The Ingenious Way Scientists Search For Dangerous Asteroids Hidden By The Sun

It isn't just a movie plot: Asteroids really could threaten planet Earth. Previous impacts like the famous Tunguska event in 1908 caused huge explosions in the Earth's atmosphere and flattened miles of forest around the impact location. Space agencies like NASA have systems to look out into space to spot potentially dangerous asteroids before they arrive, and with enough warning we could even send a spacecraft to intercept and redirect any asteroid that threatens the planet.

However, this only works for asteroids which we can see coming. And while spotting large asteroids as they approach the sun is possible, there's one group of asteroids we'd find it almost impossible to spot: those hidden by the glare of the sun.

The problem is that asteroids don't produce light themselves, so they're only visible because they reflect light from the sun. When an asteroid gets close to the sun, it gets harder to see it, because the light from the sun is so bright. Asteroids crossing the face of the sun are particularly hard to detect.

The European Space Agency (ESA) is working on a new mission called Near-Earth Object Mission in the Infrared, or NEOMIR, which aims to detect asteroids even when they are so close to the sun that they would be invisible from Earth.

How NEOMIR works

NEOMIR is an asteroid-spotter that will be in orbit, located at the first Lagrange point between the sun and the Earth. This special orbit, which is the same one used by the James Webb Space Telescope, would allow the telescope to sit in a location with a view of asteroids coming towards Earth from the direction of the sun.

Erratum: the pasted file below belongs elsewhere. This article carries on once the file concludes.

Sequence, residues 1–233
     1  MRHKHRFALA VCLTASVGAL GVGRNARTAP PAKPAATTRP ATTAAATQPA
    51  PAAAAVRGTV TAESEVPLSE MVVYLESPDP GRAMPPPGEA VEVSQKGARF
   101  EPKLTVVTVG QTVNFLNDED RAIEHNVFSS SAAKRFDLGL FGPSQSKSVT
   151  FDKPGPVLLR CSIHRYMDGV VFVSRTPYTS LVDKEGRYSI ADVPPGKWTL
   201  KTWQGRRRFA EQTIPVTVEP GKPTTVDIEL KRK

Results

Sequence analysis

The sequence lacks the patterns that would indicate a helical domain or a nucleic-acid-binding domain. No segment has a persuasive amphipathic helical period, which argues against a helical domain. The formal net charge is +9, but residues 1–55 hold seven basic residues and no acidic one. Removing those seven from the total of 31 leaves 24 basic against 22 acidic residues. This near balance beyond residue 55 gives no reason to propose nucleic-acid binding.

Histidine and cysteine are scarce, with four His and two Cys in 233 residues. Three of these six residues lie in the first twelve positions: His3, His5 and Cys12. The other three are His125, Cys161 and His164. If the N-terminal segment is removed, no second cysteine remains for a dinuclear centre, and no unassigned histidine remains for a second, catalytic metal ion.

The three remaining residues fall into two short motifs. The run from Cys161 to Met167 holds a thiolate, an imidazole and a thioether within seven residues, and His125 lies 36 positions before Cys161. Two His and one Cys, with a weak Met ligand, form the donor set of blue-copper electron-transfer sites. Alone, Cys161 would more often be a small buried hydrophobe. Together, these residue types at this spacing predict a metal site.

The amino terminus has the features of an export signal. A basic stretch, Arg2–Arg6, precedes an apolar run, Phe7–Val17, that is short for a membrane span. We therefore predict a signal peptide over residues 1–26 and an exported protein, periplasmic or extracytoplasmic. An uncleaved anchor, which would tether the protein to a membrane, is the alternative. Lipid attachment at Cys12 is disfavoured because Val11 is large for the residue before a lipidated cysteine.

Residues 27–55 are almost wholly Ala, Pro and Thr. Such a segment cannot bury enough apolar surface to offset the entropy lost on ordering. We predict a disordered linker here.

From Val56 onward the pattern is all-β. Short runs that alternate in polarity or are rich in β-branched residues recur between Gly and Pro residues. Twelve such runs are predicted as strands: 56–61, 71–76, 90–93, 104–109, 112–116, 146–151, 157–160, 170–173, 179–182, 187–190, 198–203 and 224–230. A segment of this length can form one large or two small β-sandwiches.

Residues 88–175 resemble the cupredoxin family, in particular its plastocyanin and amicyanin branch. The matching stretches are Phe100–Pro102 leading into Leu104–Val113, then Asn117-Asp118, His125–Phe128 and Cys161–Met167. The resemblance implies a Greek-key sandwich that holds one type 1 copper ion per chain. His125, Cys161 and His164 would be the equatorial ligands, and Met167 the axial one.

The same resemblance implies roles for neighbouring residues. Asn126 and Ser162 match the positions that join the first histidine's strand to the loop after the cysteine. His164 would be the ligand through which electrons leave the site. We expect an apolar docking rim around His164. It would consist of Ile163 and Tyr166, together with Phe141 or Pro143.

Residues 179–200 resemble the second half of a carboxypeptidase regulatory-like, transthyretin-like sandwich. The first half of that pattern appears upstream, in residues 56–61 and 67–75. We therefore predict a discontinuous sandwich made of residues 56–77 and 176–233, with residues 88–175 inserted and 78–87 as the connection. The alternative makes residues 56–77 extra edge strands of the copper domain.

The telescope will also look in the infrared instead of the visible light spectrum, so it will be able to see asteroids even if they are dark. Some are made of lighter material, thus more reflective, but others are darker and harder to detect in the visible light spectrum. By looking in the infrared, the telescope can see the asteroids' heat signatures no matter what color they are.

Looking in the infrared also means that the telescope will be able to see the heat coming from the asteroids without them being hidden by the bright light of the sun. By placing the telescope in space instead of on the ground, it will be able to see these infrared signals more clearly as Earth's atmosphere won't in the way.

"Being situated outside of Earth's distorting atmosphere and with a telescope observing in infrared light, NEOMIR will monitor a close ring around the Sun that is impossible to observe from the ground. The mission will detect asteroids passing between Earth and the Sun – any that pose a threat and that we cannot currently see will have to pass through this ring," the European Space Agency explains.

The plan for NEOMIR

NEOMIR hasn't been built yet. It's still in development by ESA, which says it wants to launch the telescope around 2030, using an Ariane 6 rocket.

It will join other asteroid-detecting missions like NASA's Near-Earth Object Surveyor (NEO Surveyor) mission which is scheduled for launch in 2027. This is also a space-based telescope for detecting potentially dangerous asteroids and comets, which aims to identify objects that come within 30 million miles of Earth's orbit.

NEO Surveyor will also look in the infrared, for similar reasons to NEOMIR, and the two spacecraft are designed to work together. NEO Surveyor is designed with the aim of spotting 90% of near-Earth objects which are larger than 140 meters in diameter, while NEOMIR will look for objects of any size which could be a threat.

To get ready for NEOMIR, ESA is currently working on developing technologies for the mission like detectors and electronics requirements, with the aim to create a half-meter telescope with detectors for two infrared channels in the 5-10 micrometer waveband.

The threat from asteroids is real, and missions like NEOMIR and NEO Surveyor could help keep the whole planet safe from potentially dangerous impacts.